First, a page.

Reporter: Tim Muffett Reporter: So internet dating might have transformed the way many people look for love and become socially acceptable, but some feel there's one activity an online profile or a newspaper ad can never replicate: good, old-fashioned, flirting. Jean Smith: When we first start doing this, you're going to feel a bit awkward, a bit uncomfortable. Jean Smith: Part of flirting is having the confidence of letting someone know that you're interested. Reporter: Whether it's through an advert or chance encounter, the meeting of two strangers can be life-changing and for this flirting expert at least, if you want it to happen, you've got to seize the day.Jean Smith is an American anthropologist and flirting coach. She has tried online dating, but feels her one-to-one flirting skills need improving. And British people, in my experience, are way too hesitant and so both people leave and think... Why don't you ask him can he recommend a good restaurant around here? Perhaps because the digital world allows us to know people so quickly, we find ourselves in an age of increased real-world paranoia. Once you go out with the person and meet them wherever you’re going to meet them the ancient human brain clicks into action and you court the way we always have.It’s easier to date online than it is to trust the flirting stranger in a coffee shop. But they are introducing sites and they’re algorithms are very useful.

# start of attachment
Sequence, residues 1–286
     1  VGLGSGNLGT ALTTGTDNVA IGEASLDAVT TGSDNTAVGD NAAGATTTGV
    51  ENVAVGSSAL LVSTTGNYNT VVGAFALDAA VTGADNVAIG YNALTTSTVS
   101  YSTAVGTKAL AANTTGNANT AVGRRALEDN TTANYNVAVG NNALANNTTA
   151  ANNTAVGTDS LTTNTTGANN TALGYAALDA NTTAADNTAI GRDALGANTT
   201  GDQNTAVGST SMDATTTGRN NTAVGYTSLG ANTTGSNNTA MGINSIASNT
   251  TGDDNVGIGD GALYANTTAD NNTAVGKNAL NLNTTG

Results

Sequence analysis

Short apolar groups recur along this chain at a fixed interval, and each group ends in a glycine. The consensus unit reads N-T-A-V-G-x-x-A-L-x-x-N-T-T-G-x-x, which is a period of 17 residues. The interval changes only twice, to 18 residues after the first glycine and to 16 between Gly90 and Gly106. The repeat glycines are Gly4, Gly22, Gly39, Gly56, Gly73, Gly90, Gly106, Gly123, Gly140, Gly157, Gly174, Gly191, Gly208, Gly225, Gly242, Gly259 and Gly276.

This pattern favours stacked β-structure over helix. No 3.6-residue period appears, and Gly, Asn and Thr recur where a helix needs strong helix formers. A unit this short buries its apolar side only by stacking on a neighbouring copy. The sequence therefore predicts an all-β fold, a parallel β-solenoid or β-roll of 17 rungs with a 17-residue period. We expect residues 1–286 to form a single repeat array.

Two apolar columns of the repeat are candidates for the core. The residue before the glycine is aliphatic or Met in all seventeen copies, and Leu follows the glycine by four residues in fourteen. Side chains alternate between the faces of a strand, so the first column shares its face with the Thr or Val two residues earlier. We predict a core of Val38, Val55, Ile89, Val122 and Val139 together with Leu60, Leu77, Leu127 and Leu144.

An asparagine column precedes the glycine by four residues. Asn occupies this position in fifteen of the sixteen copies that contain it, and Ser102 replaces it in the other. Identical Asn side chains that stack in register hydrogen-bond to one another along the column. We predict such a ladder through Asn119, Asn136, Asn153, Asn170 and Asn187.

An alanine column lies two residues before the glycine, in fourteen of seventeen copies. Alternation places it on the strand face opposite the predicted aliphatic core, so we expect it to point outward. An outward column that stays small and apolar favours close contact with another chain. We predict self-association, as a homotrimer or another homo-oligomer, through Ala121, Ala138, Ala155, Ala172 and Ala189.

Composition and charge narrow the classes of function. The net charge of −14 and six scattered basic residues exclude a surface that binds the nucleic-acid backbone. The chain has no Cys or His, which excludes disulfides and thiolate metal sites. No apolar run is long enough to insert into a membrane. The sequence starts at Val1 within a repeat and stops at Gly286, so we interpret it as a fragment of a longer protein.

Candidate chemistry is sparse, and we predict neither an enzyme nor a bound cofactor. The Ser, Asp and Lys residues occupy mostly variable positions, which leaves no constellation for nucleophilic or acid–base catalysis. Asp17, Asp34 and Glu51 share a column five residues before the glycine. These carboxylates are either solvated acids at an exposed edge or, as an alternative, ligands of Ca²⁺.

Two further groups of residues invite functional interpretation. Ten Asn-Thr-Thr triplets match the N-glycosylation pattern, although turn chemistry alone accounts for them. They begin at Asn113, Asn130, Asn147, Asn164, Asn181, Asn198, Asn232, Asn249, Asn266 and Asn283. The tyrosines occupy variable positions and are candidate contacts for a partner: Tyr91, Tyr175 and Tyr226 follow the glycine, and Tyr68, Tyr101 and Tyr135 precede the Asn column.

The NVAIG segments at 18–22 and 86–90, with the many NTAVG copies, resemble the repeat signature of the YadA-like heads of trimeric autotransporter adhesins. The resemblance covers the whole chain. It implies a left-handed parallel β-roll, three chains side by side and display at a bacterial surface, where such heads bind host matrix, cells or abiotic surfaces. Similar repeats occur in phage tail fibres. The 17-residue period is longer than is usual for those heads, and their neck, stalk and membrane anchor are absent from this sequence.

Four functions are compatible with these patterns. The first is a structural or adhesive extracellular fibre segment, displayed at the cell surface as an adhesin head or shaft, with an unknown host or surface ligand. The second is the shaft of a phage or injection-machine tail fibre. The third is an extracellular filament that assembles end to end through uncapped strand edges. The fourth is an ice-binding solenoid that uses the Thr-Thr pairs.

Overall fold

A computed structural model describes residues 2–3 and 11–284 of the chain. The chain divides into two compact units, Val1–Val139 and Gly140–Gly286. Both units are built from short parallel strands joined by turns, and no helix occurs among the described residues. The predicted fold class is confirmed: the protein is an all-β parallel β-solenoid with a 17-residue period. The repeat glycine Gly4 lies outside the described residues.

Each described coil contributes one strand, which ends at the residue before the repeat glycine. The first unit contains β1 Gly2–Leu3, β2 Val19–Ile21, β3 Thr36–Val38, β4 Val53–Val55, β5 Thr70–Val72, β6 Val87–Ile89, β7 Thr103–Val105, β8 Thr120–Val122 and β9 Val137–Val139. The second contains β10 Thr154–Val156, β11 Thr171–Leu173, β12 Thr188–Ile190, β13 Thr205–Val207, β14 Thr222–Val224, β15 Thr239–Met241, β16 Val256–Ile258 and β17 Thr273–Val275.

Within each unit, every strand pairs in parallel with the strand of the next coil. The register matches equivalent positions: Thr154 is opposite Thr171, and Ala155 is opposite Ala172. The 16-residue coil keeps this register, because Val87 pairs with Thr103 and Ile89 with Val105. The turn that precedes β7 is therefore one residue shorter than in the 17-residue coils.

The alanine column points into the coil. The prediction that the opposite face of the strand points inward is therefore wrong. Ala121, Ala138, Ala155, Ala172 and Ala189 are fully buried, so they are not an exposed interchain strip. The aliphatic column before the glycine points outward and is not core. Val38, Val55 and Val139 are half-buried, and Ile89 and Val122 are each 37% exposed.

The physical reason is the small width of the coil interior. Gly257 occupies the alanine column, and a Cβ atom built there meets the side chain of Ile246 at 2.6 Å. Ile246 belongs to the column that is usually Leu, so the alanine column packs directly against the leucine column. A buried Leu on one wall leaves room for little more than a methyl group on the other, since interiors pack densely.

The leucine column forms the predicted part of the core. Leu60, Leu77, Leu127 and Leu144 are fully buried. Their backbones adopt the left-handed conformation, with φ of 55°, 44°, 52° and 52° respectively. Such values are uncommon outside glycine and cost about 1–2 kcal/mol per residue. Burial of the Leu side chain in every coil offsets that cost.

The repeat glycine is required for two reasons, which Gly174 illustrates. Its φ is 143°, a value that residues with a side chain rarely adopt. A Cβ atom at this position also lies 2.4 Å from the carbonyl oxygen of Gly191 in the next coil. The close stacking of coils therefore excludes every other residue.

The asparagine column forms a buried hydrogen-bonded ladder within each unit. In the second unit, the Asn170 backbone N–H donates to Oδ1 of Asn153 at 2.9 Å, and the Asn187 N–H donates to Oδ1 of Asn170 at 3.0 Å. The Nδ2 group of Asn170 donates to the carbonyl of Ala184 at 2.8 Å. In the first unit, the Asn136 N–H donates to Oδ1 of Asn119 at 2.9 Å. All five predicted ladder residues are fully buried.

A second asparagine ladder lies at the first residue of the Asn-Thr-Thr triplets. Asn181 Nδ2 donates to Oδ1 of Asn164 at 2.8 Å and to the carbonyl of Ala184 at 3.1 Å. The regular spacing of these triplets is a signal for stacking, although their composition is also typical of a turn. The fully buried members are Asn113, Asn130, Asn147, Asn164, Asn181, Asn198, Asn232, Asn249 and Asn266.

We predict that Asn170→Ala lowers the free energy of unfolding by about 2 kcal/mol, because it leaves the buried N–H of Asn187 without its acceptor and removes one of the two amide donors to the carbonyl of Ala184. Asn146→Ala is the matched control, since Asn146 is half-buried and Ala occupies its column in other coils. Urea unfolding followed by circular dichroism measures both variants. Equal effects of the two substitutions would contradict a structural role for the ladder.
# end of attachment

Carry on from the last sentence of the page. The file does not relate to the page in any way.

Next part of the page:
Although lots of people’s lives no longer follow that narrative, so many of our books and films still assume it’s the right way to live.’Fellow historian David Starkey previously likened her representation of Tudor history to a ‘soap opera’ by focusing on the marriages of Henry VIII, adding ‘it’s what you expect from feminised history, the fact that so many of the writers who write about this are women and so much of their audience is a female audience’.
You can’t really be blamed for buying into the hype.
As well as the handful of online emoji lexicons that have emerged over the last few years, Oxford Dictionaries even climbed aboard the pictographic bandwagon when they declared the 'crying with laughter' emoji their 2015 ‘word’ of the year, a move that left a fair few commentators shedding tears of anguish instead of joy.
READ MORE: How you can learn the five love languages But all this brouhaha begs the question; are emojis actually poised to become a lingua franca, or are they just a load of hot air?
One expert with the answers is Neil Cohn, an American linguist based at Tilburg University in The Netherlands.
The online dating industry has been rapidly growing and evolving for over a decade, but it took Tinder to turn it on its head and open it up to millions by gamifying it.